The primary goal of worship is transformation. The only way transformation can occur is to give ourselves totally to God so the mind and power of Jesus Christ can indwell in us. And when that happens, every moment, every activity of life, we are like Jesus. Like Ralph Waldo Emerson wrote, “The simplest person, who in his integrity worships God, becomes God.” (Ralph Waldo Emerson, “The Over-Soul,” Essays, first series, 1841, Cited in The Treasury of Religious and Spiritual Quotations: Words to Live By, p. 635)
Are you ready to put your whole self into the arms of God? Are you ready to commit your all to Jesus? James Martineau said, “Worship is the free offering of ourselves to God; ever renewed, because ever imperfect. It expresses the consciousness that we are his by right, yet we have not duly passed into his hand.” (James Martineau, Hours of Thought, Vol. II, 1879. Cited in The Treasury of Religious and Spiritual Quotations, p. 637) Or as a dear friend of mine always says, “Commitment is the giving of all one knows of himself to all one knows of God.” Anything less than total commitment is unacceptable to God.


Coming to Yourself and Coming to The Father

And He said, “A certain man had two sons; and the younger of them said to his father, ‘Father, give me the share of the estate that falls to me.’ And he divided his wealth between them. And not many days later, the younger son gathered everything together and went on a journey into a distant country, and there he squandered his estate with loose living. Now when he had spent everything, a severe famine occurred in that country, and he began to be in need. And he went and attached himself to one of the citizens of that country, and he sent him into his fields to feed swine. And he was longing to fill his stomach with the pods that the swine were eating, and no one was giving anything to him. But when he came to his senses, he said, ‘How many of my father’s hired men have more than enough bread, but I am dying here with hunger! I will get up and go to my father, and will say to him, “Father, I have sinned against heaven, and in your sight; I am no longer worthy to be called your son; make me as one of your hired men.”‘ And he got up and came to his father. But while he was still a long way off, his father saw him, and felt compassion for him, and ran and embraced him, and kissed him. And the son said to him, ‘Father, I have sinned against heaven and in your sight; I am no longer worthy to be called your son.’ But the father said to his slaves, ‘Quickly bring out the best robe and put it on him, and put a ring on his hand and sandals on his feet; and bring the fattened calf, kill it, and let us eat and be merry; for this son of mine was dead, and has come to life again; he was lost, and has been found.’ And they began to be merry.”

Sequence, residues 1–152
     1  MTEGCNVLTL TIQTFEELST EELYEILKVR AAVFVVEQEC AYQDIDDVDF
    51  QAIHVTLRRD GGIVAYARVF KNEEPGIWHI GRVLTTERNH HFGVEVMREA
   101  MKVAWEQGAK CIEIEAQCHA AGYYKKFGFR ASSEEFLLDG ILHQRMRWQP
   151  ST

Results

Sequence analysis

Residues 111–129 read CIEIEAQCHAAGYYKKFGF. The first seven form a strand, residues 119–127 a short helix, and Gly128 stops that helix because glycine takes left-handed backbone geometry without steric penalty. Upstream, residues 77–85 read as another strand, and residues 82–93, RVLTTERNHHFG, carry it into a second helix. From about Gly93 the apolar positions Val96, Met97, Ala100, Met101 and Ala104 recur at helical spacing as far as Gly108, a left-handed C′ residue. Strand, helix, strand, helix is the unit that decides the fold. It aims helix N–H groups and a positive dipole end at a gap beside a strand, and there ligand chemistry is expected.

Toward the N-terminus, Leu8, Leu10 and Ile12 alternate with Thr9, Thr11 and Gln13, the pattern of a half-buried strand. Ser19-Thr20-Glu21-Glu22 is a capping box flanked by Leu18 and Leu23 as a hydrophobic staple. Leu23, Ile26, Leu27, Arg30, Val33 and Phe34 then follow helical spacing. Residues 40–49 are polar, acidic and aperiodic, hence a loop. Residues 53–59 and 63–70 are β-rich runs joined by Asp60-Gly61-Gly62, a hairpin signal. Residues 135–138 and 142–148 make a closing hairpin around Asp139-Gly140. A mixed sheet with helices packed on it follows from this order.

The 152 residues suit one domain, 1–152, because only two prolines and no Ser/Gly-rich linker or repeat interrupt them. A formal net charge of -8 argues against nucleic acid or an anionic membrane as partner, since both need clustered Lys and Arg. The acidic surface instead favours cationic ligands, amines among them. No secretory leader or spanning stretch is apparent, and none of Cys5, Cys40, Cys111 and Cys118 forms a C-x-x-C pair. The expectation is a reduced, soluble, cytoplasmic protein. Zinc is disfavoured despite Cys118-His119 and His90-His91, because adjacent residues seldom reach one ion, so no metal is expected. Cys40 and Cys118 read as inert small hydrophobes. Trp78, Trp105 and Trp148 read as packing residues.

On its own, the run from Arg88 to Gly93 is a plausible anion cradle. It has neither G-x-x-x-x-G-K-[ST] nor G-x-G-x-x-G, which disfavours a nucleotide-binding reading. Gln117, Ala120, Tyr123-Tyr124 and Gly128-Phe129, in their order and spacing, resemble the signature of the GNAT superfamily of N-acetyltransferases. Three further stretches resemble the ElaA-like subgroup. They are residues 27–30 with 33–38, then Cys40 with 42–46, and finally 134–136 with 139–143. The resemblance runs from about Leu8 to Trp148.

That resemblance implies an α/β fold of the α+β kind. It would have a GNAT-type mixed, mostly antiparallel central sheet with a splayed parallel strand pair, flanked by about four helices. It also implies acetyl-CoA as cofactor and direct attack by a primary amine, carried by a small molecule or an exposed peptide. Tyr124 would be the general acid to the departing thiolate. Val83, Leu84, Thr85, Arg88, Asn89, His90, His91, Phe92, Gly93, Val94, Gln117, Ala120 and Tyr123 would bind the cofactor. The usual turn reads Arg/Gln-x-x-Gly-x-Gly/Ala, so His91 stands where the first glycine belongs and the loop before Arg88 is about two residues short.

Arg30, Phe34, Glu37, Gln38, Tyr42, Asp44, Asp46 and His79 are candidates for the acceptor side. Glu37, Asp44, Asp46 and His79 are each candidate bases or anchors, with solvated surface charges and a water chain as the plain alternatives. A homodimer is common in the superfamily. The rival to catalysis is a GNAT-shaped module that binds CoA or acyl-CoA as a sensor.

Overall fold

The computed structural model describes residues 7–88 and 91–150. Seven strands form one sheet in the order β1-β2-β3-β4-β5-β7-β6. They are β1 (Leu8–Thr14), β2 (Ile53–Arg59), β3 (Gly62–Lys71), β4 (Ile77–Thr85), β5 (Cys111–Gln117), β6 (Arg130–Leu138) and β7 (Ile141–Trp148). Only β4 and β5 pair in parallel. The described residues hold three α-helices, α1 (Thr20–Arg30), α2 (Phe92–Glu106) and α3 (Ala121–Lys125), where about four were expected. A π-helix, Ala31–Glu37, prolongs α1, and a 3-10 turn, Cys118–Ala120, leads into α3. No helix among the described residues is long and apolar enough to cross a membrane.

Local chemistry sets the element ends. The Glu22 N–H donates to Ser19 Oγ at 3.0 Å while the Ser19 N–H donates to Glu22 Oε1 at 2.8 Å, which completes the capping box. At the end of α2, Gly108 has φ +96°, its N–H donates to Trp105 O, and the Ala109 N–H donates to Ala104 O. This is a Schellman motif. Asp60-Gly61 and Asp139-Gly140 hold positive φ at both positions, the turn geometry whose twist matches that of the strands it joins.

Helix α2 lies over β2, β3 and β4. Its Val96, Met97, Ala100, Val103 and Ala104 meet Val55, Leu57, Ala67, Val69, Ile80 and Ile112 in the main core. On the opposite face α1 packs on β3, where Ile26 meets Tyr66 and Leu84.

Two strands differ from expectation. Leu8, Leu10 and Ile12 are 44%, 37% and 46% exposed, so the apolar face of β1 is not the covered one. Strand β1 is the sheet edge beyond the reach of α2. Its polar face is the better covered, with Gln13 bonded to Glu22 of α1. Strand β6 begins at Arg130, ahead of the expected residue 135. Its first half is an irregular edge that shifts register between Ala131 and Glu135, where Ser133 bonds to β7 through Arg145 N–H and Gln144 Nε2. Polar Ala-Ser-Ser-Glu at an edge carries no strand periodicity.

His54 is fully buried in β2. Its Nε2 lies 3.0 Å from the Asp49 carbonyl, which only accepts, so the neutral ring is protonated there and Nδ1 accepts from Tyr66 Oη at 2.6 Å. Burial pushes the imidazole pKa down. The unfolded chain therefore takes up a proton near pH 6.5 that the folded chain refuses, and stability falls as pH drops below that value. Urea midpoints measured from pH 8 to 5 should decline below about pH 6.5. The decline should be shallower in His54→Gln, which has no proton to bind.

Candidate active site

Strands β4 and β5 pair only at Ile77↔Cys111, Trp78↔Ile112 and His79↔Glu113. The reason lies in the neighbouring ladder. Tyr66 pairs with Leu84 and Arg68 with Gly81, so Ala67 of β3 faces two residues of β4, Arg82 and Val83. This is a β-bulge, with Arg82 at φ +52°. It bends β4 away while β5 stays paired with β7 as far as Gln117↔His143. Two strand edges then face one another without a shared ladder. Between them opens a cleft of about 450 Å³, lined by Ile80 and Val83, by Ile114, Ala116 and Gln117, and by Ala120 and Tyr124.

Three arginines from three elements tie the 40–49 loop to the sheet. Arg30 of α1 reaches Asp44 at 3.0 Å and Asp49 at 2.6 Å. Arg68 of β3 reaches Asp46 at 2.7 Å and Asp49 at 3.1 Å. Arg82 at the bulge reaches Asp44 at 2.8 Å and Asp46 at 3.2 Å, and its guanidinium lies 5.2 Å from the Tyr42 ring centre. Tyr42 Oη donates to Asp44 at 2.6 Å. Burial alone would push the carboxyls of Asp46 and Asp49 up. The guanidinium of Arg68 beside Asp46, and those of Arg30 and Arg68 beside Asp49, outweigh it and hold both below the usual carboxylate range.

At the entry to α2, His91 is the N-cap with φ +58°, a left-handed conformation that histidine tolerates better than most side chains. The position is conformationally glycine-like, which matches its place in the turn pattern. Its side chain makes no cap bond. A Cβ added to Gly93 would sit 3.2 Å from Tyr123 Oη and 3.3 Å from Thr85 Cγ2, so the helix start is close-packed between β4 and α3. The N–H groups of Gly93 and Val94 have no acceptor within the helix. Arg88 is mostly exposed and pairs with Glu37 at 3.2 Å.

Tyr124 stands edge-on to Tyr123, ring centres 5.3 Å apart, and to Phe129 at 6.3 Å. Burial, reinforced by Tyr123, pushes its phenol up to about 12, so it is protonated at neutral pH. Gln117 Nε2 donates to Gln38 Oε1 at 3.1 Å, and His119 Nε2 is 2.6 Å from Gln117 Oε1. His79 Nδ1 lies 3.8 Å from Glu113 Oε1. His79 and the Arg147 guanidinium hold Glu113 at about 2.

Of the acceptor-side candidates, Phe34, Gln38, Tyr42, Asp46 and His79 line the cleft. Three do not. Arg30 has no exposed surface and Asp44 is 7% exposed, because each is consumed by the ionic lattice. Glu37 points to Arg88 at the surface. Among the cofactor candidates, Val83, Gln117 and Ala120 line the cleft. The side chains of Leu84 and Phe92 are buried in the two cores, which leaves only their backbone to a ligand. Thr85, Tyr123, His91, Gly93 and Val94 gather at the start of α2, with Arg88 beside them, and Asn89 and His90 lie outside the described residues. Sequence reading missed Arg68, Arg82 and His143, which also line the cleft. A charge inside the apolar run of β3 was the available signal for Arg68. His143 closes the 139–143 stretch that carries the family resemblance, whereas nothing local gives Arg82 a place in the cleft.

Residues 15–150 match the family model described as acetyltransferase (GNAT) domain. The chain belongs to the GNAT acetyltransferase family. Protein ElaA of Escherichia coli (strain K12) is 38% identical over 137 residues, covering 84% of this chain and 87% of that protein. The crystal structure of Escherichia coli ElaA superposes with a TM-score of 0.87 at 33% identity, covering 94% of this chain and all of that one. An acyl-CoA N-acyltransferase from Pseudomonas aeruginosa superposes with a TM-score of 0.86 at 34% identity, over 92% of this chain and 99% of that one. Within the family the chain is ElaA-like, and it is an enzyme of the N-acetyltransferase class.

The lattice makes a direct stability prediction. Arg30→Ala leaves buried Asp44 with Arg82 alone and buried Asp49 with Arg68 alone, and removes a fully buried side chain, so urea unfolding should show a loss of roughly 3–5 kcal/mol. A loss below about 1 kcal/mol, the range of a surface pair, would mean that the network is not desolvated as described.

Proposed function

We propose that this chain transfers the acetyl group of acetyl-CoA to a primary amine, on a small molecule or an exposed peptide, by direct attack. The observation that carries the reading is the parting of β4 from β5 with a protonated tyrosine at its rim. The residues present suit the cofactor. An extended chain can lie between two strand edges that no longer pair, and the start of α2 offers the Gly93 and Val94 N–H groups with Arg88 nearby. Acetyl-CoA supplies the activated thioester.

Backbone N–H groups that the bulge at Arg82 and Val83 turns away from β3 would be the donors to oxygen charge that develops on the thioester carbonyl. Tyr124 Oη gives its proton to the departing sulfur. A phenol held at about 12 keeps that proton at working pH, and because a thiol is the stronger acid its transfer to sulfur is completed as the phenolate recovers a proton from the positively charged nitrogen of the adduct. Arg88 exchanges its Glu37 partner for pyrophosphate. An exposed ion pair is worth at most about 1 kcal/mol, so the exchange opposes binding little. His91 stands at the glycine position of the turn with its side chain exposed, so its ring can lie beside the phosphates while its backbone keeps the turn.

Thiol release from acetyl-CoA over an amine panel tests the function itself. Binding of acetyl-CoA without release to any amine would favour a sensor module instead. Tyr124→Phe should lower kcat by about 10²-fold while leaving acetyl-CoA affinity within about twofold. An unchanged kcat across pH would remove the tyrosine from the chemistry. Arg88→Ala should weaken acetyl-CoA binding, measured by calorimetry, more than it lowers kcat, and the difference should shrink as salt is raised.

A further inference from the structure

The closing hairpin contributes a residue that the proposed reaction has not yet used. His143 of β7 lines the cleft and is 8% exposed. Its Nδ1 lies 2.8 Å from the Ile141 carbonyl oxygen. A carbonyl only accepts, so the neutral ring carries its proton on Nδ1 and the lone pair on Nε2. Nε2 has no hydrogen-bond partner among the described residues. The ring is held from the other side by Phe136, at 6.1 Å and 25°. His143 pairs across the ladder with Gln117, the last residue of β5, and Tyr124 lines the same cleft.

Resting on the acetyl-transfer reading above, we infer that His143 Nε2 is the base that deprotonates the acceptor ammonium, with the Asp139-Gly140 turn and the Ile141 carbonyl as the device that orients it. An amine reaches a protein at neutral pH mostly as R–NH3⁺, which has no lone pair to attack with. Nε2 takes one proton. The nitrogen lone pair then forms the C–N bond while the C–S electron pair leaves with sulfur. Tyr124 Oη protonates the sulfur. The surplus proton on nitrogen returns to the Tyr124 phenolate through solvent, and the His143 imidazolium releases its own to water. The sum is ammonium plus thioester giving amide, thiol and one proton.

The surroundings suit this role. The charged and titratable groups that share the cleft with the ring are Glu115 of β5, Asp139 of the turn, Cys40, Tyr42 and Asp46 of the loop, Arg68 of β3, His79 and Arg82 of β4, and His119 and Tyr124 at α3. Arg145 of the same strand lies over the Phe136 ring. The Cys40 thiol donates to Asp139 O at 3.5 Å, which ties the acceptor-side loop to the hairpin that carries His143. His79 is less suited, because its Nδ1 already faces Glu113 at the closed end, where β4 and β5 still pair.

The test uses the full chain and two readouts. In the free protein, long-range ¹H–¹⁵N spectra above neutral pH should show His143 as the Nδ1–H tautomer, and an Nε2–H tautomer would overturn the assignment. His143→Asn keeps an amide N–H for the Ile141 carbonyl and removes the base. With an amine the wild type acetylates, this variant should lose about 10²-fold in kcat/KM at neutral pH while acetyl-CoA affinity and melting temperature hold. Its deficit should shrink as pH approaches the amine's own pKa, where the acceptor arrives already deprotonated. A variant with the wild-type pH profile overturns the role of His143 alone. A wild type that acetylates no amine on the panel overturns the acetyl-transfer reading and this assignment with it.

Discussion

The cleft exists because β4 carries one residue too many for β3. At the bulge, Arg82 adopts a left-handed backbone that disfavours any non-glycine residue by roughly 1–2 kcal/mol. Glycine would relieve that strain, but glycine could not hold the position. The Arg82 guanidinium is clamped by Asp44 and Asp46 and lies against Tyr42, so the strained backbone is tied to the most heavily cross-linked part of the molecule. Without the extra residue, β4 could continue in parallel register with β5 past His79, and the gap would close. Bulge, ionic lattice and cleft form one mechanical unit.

Introduction: Eagerly Awaiting
All of Luke 15 is spoken as an answer to the accusation of the Pharisees and the scribes in verse 2 that Jesus “receives sinners and eats with them.” Verse 1 says that “all the tax-gatherers and sinners were coming near to him to listen to him.” And Jesus was making a place for them at his table and encouraging them to stay and eat with him.